FORT EUSTIS, Va. —
What is it?
Multi-Domain Operations (MDO) describes how the U.S. Army, as part of the joint force, can counter and defeat a near-peer adversary capable of contesting the U.S. in all domains, in both competition and armed conflict. The concept describes how U.S. ground forces, as part of the joint and multinational team, deters adversaries and defeats highly capable near-peer enemies in the 2025-2050 timeframe.
MDO provides commanders numerous options for executing simultaneous and sequential operations using surprise and the rapid and continuous integration of capabilities across all domains to present multiple dilemmas to an adversary in order to gain physical and psychological advantages and influence and control over the operational environment.
What has the Army done/is doing?
MDO is an evolution and further refinement of the Multi-Domain Battle (MDB) concept published in 2017. It reflects more than two years of experiments, wargames and table-top exercises with Joint Force and multinational partners.
The Army will publish an update to the MDB concept called The U.S. Army in Multi-Domain Operations, 2028 in November 2018. It expands on the ideas of MDB, and describes how the Army contributes to the joint force's principal task outlined in the 2018 National Defense Strategy: how to deter and defeat near-peer strategic competitors in both competition and armed conflict.
What continued efforts does the Army have planned?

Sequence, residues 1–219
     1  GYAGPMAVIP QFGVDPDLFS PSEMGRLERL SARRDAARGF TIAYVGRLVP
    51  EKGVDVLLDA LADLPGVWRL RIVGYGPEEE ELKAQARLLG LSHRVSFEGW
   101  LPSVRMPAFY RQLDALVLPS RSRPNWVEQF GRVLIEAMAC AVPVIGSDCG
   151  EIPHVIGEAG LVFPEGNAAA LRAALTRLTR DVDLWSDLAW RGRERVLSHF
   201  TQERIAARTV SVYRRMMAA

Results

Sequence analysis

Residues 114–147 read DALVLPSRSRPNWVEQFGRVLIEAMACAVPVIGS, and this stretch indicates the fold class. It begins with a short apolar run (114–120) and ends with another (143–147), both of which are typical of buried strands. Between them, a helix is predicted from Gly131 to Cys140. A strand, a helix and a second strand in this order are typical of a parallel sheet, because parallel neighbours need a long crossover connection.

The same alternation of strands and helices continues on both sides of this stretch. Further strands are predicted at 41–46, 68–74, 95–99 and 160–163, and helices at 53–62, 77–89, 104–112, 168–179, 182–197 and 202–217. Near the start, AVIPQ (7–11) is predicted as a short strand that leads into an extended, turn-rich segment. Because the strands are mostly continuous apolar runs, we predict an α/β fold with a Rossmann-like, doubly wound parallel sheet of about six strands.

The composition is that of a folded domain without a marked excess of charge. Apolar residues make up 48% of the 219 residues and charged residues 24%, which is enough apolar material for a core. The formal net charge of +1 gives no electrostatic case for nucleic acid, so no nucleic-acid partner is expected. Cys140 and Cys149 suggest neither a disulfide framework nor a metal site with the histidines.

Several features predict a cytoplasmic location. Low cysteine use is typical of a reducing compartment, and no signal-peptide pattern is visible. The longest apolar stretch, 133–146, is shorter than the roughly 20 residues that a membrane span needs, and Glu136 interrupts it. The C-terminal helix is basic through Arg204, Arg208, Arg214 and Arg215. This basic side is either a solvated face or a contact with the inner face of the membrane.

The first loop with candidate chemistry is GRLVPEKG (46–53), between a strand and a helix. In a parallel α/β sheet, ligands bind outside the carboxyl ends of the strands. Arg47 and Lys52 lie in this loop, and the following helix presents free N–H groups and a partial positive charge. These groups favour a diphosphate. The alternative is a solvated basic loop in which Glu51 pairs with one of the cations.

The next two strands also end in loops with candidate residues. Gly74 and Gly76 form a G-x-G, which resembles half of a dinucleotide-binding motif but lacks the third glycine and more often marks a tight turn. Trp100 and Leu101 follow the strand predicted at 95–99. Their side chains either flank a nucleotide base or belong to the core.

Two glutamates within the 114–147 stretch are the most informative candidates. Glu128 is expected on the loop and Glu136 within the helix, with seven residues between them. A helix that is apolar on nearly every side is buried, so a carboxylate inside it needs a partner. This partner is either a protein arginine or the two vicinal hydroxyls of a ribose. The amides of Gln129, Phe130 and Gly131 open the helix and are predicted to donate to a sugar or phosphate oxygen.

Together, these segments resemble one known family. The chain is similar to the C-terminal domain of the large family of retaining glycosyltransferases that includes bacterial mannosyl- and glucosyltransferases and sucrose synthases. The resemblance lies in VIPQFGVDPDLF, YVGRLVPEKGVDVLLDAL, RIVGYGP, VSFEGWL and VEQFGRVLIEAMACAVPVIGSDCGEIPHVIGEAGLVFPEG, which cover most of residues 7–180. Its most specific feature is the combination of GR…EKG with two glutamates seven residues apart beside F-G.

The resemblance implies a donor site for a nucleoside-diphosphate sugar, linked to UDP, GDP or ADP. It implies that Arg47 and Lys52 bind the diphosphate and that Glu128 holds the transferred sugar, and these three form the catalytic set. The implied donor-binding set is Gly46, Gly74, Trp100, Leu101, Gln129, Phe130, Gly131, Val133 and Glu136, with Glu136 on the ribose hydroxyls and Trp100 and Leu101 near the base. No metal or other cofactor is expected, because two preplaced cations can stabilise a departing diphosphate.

The MDO 1.5 concept sets the conditions for further experimentation, war-gaming, and assessment. Army Futures Command will take over responsibility for the development of MDO 2.0. The concept will continue to be revised regularly to account for additional learning, new technologies and updates to the operating environment.
Events such as Unified Challenge and Joint Warfighting Assessment 18, exercises with the Multi-Domain Task Force in the Pacific, and continued work with the joint and multinational partners will contribute to further refining of the concept. MDO 1.5 also sets the conditions for Army modernization, and will provide the primary conceptual foundation for the upcoming Army Modernization Strategy 1.5.
Why is this important to the Army?
The joint force must rapidly and continuously converge capabilities across all domains to win in competition and armed conflict. America's near-peer competitors have invested in strategies and capabilities to create stand-off and separate U.S. alliances in competition, and the joint force in armed conflict.
Countering these threats requires modernizing the Army across doctrine, organizations, training, and materiel to enable the rapid defeat of future adversaries. The MDO sets the foundation for this modernization by establishing how the Army will fight and what it will need to win.